• 2/24 and 2/26: When solving linear least squares problems, we should avoid forming the matrix A^TA of the normal equations. Instead, we should work with a QR factorization. The QR factorization comes in two flavors. In the text there is proof that A=\hat{Q} \hat{R} where \hat{Q} is a rectangular matrix with orthogonal columns and \hat{R} is upper trinangular. In the lecture the alterantive A = QR was explored where Q is a square orthogonal matrix obtained as a product of Householder transformations; see pp. 150-156. Note that the resulting algorithm also provides a proof of the existence of such a factorization. A brief discussion of underdetermined linear systems of equations. When they have solutions, there is never uniqueness since the matrix has a null space. An observation that \hat{R}^T equals the lower triangular Cholesky factor of A^T A; using Householder transformations, this matrix can be computed without forming A^T A. More discussion of the use of Houesholder transformations; they are also used to turn symmetric matrices into symmetric tridiagonal matrices while preserving the eigenvalues. A review of standard results on the algebraic eigenvalue problem for symmetric matrices. They have a full set of orthonormal eigenvectors which can be combined into an orthogonal matrix. A similarity transformation using this matrix transforms the symmetric matrix into a diagonal with the eigenvalues on the diagonal. Solving systems of nonlinear equations using a simple fixed point iteration and Newton's method.
  • 3/3 and 3/5: Jacobi's eigenvalue alrgorithm for symmetric matrices with a proof that is converges whenever we select the largest off-diagonal matrix for elimination. Gerschgorin's theorems and Theorem 5.6. Cauchy's interlace theorem and Sturm sequences for symmetric tridiagonal matrices.
  • 3/10 and 3/12: How to get started with Sturm sequence computation; find and interval in which all eigenvalus by computing the infinity norm of the tridiagonal matrix. Computing eigenvectors corresponding to accurate eigenvalues by using inverse iteration. Rayleigh quotients. Two perturbation theorems given at the end of chapter 5. A brief introduction to the QR algorithm for computing the eigenvalues of matrices. The Lagrange interpolation problem; existence and uniqueness. Error bounds: Theorem 6.2 in the text book. Runge's phenomenon. Hermite interpolation.
  • 3/24 and 3/26 The barycentric interpolation formulas which allow us to compute the value of an n-th degree Lagrange interpolation polynomial at a point x using only O(n) aritmetic operations; cf. the handout marked Barycentric Interpolation Formula. Specific weight for the case when we interpolate at the Chebyshev points x_j = cos(j\pi/n), j=0,1,...,n. Chebyshev polynomials and how to solve the Lagrange interpolation problem using this alternative basis for the space of polynomials and the cosine-variant of FFT, the Fast Fourier Transform. (Look at the handout and on page 241 of the text book.) Estimating the Lagrange interpolation error as in Chapter 15 of the handout. Best approximation with polynomials of continuous functions and a few words how its error depends on the smoothness of the function. Finally, the Lebesgue constants for polynomial interpolation as in Theorem 15.2 of the handout. Conventional lower order approximation of integrals using lower order polynomial interpolation. Simpson's rule designed to be exact for all polynomials of degree 2 but which in fact also is exact for cubics. An error formula involving the fourth derivative of f(x). The idea of subdividing the interval of integration and using Simpson's rule over the subintervals and adding the results. How to authomated the partitioning of the interval by an adaptive procedure; compare the small handout as well as the fourth homework set.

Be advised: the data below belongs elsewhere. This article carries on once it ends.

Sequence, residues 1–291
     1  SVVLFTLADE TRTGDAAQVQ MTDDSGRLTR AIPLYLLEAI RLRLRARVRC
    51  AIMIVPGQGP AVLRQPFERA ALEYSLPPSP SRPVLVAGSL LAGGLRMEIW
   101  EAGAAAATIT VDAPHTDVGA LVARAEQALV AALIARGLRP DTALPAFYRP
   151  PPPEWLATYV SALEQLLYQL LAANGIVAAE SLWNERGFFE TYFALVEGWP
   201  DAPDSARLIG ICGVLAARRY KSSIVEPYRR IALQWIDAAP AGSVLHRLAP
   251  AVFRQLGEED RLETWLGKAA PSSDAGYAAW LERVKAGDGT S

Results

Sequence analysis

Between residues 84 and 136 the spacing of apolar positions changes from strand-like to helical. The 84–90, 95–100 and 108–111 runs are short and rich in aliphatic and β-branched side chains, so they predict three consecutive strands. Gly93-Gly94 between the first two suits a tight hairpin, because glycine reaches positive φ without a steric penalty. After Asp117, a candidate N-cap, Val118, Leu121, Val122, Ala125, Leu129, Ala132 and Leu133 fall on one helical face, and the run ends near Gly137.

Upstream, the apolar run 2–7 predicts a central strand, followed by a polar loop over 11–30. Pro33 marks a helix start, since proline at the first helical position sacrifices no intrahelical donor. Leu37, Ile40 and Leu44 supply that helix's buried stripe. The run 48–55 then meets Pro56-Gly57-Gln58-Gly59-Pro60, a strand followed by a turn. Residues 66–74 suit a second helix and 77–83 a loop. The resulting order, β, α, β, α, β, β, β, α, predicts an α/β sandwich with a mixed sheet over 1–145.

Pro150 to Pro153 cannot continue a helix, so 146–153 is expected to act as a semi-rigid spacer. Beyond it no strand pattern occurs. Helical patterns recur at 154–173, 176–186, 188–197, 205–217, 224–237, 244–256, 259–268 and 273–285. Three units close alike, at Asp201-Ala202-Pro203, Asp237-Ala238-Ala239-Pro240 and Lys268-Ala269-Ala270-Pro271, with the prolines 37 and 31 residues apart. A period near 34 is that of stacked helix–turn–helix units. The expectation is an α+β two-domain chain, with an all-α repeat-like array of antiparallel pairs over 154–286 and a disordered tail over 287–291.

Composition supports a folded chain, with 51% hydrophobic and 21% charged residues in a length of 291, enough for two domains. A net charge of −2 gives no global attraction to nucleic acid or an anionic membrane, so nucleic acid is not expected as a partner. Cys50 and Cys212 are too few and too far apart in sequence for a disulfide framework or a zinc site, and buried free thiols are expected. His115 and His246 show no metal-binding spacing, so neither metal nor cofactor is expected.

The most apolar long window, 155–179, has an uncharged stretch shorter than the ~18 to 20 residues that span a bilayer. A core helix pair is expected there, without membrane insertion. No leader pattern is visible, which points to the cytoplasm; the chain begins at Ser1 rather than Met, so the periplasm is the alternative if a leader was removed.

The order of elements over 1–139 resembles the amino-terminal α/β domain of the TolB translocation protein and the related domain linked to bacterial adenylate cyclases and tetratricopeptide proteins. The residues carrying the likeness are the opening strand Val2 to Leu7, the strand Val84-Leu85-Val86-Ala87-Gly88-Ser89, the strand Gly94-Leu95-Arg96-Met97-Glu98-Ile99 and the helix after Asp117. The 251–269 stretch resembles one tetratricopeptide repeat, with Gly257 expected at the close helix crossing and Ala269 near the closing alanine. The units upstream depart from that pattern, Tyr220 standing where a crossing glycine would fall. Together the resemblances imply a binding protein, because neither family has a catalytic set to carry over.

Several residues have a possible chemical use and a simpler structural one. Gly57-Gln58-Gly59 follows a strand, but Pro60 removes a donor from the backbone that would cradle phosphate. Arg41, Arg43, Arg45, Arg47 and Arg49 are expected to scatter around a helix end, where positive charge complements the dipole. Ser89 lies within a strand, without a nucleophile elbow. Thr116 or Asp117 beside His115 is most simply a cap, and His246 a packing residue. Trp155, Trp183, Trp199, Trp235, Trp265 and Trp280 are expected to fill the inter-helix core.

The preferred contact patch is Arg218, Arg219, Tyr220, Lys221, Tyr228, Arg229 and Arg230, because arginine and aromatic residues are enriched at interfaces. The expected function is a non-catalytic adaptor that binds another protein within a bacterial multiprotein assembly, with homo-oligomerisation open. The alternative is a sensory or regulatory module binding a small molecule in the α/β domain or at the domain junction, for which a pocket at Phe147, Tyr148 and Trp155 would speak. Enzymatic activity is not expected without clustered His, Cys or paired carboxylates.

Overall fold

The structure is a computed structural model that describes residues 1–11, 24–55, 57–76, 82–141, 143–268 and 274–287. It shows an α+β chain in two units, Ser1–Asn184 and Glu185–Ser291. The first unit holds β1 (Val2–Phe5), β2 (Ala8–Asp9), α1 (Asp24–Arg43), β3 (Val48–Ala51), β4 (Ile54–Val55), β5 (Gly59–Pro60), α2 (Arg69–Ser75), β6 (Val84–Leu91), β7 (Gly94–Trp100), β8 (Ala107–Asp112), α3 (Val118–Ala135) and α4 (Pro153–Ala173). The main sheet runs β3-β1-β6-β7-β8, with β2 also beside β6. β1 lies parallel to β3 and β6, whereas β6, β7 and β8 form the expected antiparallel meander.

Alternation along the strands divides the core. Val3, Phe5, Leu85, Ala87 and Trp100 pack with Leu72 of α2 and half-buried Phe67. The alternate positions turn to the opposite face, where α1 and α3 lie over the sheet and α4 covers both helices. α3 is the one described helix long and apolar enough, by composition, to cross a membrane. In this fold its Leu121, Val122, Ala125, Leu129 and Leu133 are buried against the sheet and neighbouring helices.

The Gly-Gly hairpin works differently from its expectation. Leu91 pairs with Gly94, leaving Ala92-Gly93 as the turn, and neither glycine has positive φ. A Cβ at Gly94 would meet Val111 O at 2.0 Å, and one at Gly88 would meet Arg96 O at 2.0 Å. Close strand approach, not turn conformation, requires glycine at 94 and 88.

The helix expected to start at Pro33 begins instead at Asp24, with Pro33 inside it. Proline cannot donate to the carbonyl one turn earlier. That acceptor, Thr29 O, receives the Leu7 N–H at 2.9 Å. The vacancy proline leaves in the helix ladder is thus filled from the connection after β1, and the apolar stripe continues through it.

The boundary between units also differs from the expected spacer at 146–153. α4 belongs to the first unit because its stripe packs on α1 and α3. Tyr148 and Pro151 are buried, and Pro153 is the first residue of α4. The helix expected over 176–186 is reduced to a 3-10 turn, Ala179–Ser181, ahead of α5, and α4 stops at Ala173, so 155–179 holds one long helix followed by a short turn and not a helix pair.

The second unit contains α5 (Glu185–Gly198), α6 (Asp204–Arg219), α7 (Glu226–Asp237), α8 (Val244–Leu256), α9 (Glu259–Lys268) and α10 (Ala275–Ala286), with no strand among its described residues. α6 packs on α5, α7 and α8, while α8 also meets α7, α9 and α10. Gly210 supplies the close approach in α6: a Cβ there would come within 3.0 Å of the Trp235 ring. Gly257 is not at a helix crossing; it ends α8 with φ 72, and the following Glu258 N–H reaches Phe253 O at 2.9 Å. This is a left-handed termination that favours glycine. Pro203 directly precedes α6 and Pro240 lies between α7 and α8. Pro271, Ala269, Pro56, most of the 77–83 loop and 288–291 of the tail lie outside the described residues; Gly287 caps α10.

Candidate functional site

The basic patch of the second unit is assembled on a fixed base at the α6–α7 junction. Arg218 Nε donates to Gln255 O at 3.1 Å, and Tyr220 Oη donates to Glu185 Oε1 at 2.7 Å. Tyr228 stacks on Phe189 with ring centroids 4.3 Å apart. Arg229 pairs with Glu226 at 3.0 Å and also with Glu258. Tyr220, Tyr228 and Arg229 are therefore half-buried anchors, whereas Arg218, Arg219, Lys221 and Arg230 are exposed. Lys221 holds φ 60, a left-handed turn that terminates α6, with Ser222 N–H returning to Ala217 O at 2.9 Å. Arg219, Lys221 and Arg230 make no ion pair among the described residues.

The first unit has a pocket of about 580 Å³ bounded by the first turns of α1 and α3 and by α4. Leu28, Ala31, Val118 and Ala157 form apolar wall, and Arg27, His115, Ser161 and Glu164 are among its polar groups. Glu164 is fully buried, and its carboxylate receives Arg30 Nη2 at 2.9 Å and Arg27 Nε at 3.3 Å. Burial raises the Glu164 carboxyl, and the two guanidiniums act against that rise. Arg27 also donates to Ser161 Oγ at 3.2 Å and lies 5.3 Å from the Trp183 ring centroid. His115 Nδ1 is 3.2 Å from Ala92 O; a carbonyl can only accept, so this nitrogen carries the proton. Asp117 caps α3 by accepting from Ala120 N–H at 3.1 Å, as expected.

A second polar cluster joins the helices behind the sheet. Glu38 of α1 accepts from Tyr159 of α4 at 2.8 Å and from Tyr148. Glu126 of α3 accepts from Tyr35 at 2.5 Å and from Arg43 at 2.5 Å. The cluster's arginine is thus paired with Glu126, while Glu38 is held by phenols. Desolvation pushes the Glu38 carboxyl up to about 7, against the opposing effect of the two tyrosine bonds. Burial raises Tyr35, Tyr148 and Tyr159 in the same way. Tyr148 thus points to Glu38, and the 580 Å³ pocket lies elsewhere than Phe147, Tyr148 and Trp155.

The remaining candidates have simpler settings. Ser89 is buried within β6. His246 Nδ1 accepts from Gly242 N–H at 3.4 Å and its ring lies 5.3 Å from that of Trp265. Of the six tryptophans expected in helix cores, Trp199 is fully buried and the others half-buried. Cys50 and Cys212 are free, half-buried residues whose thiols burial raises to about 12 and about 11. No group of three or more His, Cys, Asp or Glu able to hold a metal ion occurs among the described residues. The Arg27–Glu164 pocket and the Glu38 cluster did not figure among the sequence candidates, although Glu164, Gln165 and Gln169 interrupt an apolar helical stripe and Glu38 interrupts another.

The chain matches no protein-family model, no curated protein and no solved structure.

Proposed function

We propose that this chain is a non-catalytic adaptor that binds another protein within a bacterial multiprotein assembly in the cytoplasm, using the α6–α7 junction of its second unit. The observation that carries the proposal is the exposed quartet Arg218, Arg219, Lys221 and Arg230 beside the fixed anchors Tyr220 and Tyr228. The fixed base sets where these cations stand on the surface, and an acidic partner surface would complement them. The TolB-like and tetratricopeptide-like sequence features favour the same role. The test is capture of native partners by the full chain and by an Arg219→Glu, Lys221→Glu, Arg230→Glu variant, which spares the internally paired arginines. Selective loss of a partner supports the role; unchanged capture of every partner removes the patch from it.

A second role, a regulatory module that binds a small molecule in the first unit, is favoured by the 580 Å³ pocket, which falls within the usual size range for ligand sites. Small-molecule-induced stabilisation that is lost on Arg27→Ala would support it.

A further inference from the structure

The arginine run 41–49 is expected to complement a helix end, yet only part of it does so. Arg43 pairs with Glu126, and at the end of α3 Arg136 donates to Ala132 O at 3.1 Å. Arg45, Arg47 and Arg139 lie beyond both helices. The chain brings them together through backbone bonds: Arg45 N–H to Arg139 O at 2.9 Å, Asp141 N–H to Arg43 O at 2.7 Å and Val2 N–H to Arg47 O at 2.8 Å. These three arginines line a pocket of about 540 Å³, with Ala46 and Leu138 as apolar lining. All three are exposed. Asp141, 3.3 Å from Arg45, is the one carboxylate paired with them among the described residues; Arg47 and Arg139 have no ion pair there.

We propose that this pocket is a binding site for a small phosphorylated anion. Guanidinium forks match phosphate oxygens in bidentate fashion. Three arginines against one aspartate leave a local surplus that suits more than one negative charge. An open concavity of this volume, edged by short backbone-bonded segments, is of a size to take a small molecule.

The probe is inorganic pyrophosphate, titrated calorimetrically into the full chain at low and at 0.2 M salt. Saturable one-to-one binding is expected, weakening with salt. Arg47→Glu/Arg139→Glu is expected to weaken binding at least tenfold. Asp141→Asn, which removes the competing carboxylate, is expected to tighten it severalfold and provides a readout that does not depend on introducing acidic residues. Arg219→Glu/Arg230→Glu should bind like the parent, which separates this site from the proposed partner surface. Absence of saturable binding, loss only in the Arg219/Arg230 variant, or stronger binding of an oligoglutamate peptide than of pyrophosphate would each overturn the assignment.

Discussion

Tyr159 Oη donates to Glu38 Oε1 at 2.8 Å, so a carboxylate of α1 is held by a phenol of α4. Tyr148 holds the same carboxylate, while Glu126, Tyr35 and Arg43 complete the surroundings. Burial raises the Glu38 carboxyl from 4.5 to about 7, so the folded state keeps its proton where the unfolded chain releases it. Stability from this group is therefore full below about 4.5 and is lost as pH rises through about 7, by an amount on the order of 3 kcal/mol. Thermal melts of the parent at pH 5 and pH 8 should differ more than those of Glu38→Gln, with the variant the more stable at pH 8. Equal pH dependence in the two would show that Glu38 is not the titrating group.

• 3/31 Midterm exam. 4/2 Taylor series and an alternative using divided difference. Applying the same machinery to obtain formulas for cubic Hermite interpolation; use two pairs of very close points and replace some to the first differences by first derivatives. Using the divided difference formulas, attributed to Newton, to obtain error bounds for numerical quadrature rules. We also use a meanvalue theorem from calculus to estimate the integral of f(x)g(x) under the assumption that g(x) does not change sign in the interval of integration. Note that error bounds for numerical quadrature is also discussed, using different tools, in th text book.
  • 4/7 and 4/9: Computer arithmetic, in particular IEEE floating point arithmetic following the twenty-page handout.
  • 4/14 and 4/16: Final remarks about floating point computation. Chapter 11: linear and cubic splines, a basis of hat-functions for the linear splines. Error bounds for linear splines and Theorem 11.2. Derivation of natural cubic splines, which results in a positive definite, symmetric tridiagonal system of equations which can be solved in linear time.
  • 4/21 and 4/23: More about splines: they minimize a certain norm among all functions that satisfy the interpolation conditions. An alternative basis for cubic splines using B-splines. Inner products and in particular those that are defined using an intergral over a specific interval and a weight function which is positive in the interior of the interval. Systems of orthogonal polynomials in particular the Legendre and Chebyshev polynomials. A proof that all zeros of any orthogonal polynomial are real and lie in the interior of the interval of integration. Gaussian quadrature designed to integrate all polynomials of degree 2n+1 exactly using just n+1 quadrature nodes.
  • 4/28 and 4/30: A discussion of the last problem on the homework set on floating point. Why does it work so perfectly up to a point? Why does it fail so badly thereafter and why to we get NaN when we go even further? Chapter 8: min-max polynomials, yet another way of approximating continuous fuctions by polynomials. Weierstrass theorem which show that we can decrease the error towards zero by increasing the degree of the polynomial. The existence of the best approximation in the max-norm. A theorem due to De la Vallee Poussin and the Oscillation theorem. The best approximation of x^{n+1} by p_n where p_n is a polynomial of degree n; the error is a 2^{-n}T_n(x) a multiple of the n-th Chebyshev polynomial. A discussion of how close we can get by using polynomial interpolation and the Chebyshev points; a recall of what is in an earlier hand-out marked Chapter 15.
  • 5/5 and 5/7: Final remarks on the material of chapters 8. Review of basic results covered during the entire course.